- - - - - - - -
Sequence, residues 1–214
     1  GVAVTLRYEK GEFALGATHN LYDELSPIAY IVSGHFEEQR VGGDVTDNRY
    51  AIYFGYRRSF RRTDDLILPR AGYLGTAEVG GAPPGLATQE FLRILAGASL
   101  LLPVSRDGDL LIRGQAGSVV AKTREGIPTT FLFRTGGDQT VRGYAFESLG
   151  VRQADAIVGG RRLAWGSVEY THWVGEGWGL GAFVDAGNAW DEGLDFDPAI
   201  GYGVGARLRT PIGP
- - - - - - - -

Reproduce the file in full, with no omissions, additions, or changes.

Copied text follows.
Sequence, residues 1–214
     1  GVAVTLRYEK GEFALGATHN LYDELSPIAY IVSGHFEEQR VGGDVTDNRY
    51  AIYFGYRRSF RRTDDLILPR AGYLGTAEVG GAPPGLATQE FLRILAGASL
   101  LLPVSRDGDL LIRGQAGSVV AKTREGIPTT FLFRTGGDQT VRGYAFESLG
   151  VRQADAIVGG RRLAWGSVEY THWVGEGWGL GAFVDAGNAW DEGLDFDPAI
   201  GYGVGARLRT PIGP